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Race to Save Rhinos

Saving rhinos from their biggest threat—humans

Kind News magazine, April/May 2016

By stopping the demand for rhino horn we can save rhinos. Photo by Robert Harding/Alamy

A rhino lazily chews on some grass at her feet. A short distance away, her baby splashes in a muddy pool of water. Suddenly, the mother twitches her ears, picking up the sounds of possible danger coming near.

It's not a lion or other wild animal that's a rhino's biggest threat. It's people.

One hundred years ago, 500,000 rhinos roamed parts of Africa and Asia. But today, rhinos are threated with extinction. If nothing is done to save them, they could disappear forever.

Poachers are killing rhinos for their horns. Poachers are people who kill wild animals even though it's against the law. They do it to make money.

In some countries, people pay high prices for rhino horn. They believe that eating ground-up rhino horn will make them healthy. But that isn't true. Rhino horn is made of keratin. That's the same thing your fingernails are made of. Eating it cannot make anyone healthy.

By the Book

Humane Society International (HSI) is working to help save rhinos. They wrote a children's book and produced a video to help spread the word. The book, "I'm a Little Rhino," was given to 1.5 million children in Vietnam. That country buys and uses the most rhino horn.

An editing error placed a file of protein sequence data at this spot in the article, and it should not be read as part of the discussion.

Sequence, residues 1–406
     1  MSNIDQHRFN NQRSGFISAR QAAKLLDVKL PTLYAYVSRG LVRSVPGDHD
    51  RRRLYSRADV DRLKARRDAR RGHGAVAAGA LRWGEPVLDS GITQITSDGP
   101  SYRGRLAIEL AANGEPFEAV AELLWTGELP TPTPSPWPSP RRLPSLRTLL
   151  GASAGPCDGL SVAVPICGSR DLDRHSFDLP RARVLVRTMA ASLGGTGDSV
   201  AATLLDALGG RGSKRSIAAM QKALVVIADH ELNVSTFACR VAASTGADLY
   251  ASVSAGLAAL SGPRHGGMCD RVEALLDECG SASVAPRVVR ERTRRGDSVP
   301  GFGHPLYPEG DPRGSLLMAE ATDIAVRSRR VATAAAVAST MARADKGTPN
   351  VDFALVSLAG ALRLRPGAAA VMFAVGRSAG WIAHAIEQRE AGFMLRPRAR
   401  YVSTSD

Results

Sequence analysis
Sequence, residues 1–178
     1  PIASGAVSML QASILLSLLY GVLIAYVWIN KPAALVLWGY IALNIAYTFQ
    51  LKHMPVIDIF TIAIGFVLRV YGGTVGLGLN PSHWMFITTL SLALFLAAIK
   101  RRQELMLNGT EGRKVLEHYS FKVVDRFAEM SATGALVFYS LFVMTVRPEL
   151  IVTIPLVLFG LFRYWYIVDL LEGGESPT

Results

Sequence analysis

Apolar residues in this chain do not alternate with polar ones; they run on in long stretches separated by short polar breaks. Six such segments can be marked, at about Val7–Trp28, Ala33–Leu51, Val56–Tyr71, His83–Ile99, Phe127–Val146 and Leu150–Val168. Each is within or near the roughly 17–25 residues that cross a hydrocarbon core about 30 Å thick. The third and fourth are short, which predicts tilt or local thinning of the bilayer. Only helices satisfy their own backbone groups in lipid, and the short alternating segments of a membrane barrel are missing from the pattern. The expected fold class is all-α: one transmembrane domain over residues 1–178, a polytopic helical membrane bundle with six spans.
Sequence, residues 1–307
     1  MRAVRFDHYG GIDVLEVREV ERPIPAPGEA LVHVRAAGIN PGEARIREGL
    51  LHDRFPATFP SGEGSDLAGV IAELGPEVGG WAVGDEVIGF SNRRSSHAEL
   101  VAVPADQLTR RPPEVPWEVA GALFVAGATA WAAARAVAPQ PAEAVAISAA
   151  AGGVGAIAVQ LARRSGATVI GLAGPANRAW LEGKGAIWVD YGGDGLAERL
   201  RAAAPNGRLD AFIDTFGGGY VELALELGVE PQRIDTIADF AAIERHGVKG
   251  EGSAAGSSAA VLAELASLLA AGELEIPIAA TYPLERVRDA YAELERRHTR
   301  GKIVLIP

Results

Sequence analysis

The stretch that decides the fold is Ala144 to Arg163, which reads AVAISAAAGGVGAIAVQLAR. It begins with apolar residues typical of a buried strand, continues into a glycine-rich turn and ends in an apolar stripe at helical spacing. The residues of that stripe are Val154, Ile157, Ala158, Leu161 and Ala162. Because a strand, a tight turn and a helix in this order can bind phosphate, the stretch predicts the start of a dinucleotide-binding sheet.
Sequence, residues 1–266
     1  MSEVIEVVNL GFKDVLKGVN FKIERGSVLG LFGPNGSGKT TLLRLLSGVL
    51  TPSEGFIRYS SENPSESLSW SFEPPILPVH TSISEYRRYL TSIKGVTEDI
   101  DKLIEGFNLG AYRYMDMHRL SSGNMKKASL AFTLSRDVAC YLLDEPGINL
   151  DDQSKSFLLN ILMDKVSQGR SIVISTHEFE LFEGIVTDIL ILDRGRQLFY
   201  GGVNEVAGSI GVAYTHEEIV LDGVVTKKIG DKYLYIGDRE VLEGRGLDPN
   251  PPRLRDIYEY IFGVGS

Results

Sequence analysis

"The goal is to educate children about rhinos in general, and introduce the threat that poaching poses to their survival," says Adam Peyman, program manager for HSI's wildlife department, and illustrator of the book. "It also explains that rhino horn is not effective as medicine and encourages them and their families to avoid buying or using rhino horn."

Kid Power

Carter and Olivia Ries have been working to save rhinos for several years. "We made two trips to South Africa where we visited a dozen schools and met with government officials," says Carter. "We [gave the officials] over 10,000 letters that we collected from youth around the world to show that youth of the world care for rhinos. The next step was to bring that same message to the youth of Vietnam."

Along with six Rhino Ambassadors from South Africa, Carter and Olivia visited schools in Vietnam. They want kids to bring the message back to their parents that using rhino horn "is causing the species to be pushed to the brink of extinction."

Read "I'm a Little Rhino" and watch the video.

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